Habits to Improve your Everyday Life
I've heard many times from various friends and colleagues that the best way to get out of a mental slump is to form healthy habits. Once you get into a routine, you may be surprised at the results.
Easier said than done, this is true. But as the natural law goes, things get easier the more you do them. And once you see the benefits of these simple healthy routines, you're only incentivized to do them further. The biggest suggestion many psychologists and psychiatrists offer their patients before medication is ensuring they're doing all the things they have control over. Here are a few of those habits:
Wake up at a Reasonable Time - And stick to it. Whatever time you decide to wake up, make sure it gives you enough time to mentally prepare for the day and do your daily routine. But more importantly, STICK to that time. Try as much as you can to wake up at that time consistently, that way you know what to expect of your morning and you're also ensuring that you're getting your mind right for the day ahead. You'd be surprised at the subtle changes a good start to your day will do for the rest of it.
Schedule Out Your Day - While I'm not a huge advocate of planning out every single hour of your day (it's an overly idealistic standard in my mind), for some people, it's very helpful to ensure they stay productive and on track to accomplish their daily tasks. At the very least, I will write down all the things I need to do within that week, and I will most likely complete about 3-4 of those errands in a day, while not trying to over-exhaust myself for things that aren't particularly urgent. As long as I get it complete in that week, and I hit a few in a day, I know I'm in good shape.
Give Yourself Deadlines - For me, this one relates slightly to the previous tip; I give myself at least a week for the tasks on my to-do list. Most of the time they're not urgent that they need to be done immediately, but the urgent tasks, if possible, should be done as soon as time permits.
Make Time for Movement - This is something I had to learn the hard way. Like most jobs, a lot of what I do involves sitting at a desk on my computer. After about an hour of constantly screen-gazing, I will feel myself growing tired. I found a great way to counteract this effect is to just give myself the opportunity to stand up and move around, even just a little. If I do begin to fatigue, I'll go on a 10-minute walk and it's almost as effective as a cup of coffee. The article recommends standing up and moving around as much as every 30 minutes.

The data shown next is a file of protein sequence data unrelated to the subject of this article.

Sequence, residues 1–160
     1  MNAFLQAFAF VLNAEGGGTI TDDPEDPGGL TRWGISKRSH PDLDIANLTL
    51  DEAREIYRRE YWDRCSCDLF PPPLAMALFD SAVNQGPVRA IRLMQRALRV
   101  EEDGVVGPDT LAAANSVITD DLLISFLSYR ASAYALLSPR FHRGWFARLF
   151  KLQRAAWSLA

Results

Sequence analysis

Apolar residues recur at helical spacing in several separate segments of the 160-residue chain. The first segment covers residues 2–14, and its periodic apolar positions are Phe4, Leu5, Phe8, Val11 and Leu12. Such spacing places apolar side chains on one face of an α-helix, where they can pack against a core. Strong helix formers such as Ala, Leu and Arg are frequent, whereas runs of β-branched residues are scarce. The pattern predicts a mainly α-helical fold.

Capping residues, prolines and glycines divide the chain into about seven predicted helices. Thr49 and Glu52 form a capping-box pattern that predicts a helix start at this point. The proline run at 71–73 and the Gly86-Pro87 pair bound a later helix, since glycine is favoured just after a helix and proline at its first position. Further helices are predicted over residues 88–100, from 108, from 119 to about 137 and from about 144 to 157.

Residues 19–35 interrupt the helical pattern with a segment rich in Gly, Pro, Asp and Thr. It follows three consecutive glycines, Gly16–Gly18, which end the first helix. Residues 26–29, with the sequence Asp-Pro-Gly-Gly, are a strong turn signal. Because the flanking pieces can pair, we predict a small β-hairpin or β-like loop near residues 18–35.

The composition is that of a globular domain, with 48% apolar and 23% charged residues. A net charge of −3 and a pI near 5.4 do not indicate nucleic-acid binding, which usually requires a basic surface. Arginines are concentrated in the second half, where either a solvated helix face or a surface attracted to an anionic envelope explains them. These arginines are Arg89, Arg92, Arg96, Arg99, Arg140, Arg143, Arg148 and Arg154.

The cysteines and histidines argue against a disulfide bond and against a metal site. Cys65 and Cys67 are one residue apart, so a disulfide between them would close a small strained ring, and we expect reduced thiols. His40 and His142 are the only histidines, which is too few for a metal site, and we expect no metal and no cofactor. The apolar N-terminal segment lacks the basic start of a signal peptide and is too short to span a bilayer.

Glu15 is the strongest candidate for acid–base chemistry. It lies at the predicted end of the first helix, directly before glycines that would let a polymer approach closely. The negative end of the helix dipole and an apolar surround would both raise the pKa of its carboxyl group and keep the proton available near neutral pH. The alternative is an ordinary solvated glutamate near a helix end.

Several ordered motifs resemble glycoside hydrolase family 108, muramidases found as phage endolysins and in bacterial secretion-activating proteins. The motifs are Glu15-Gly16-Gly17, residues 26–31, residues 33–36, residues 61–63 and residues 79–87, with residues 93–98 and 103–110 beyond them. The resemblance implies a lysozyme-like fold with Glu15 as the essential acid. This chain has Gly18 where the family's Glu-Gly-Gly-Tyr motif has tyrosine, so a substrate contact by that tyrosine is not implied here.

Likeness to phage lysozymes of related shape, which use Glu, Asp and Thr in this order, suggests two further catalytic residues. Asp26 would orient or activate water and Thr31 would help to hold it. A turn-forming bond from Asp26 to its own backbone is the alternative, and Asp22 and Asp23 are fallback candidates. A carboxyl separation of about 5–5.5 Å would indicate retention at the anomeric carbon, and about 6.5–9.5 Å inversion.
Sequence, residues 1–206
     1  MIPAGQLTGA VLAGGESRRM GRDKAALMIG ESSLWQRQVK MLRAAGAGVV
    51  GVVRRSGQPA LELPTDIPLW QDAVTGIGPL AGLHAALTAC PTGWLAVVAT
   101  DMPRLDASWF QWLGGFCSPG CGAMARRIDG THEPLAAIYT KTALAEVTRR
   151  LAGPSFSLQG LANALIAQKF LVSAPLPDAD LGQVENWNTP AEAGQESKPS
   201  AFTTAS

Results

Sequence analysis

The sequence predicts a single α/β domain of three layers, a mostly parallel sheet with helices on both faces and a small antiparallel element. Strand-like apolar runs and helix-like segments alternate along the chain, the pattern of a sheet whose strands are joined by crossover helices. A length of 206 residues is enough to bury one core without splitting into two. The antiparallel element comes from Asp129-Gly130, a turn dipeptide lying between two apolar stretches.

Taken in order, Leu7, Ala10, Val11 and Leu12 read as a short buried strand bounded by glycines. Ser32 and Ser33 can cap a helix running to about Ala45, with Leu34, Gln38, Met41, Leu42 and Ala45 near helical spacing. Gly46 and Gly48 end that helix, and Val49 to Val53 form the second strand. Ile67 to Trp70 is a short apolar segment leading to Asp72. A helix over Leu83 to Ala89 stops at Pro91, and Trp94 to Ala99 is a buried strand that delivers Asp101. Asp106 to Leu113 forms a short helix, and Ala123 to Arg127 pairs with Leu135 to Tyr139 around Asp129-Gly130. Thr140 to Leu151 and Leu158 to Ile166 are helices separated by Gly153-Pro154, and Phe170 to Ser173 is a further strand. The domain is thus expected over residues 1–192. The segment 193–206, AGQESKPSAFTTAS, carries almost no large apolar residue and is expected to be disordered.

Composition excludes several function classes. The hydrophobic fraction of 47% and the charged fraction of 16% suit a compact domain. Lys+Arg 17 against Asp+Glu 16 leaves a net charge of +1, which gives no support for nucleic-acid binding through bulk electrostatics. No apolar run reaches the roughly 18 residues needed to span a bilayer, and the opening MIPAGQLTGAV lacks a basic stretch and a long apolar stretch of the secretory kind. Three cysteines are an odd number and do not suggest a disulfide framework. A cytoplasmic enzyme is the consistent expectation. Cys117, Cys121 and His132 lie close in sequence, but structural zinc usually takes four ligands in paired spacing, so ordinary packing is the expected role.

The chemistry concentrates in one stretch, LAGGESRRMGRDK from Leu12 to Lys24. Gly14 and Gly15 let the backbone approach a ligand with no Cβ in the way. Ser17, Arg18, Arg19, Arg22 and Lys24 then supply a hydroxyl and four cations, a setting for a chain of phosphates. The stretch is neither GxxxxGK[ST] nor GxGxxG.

Practice Prioritizing Self-Care - You're probably a hard worker. You can rest until you get that one assignment finished. It's also important to understand that over-working yourself results in a diminishing returns effect. Don't be afraid to put the computer down and enjoy an episode or two of your favorite TV show or practice silent mindfulness. Not only does this relax your brain and release stress, but it allows you to come back to whatever you're working on with a fresh mind and you'd be amazed how much quicker you'll work through a problem that was troubling you beforehand.
To summarize these five rules, they can be categorized as promoting discipline, self-accountability, but also listening to your brain to know when to take breaks. We're active creatures with a lot of talents and abilities; if we neglect certain aspects of being human, it's much harder to feel balanced.
Link to the original article: https://www.entrepreneur.com/article/394355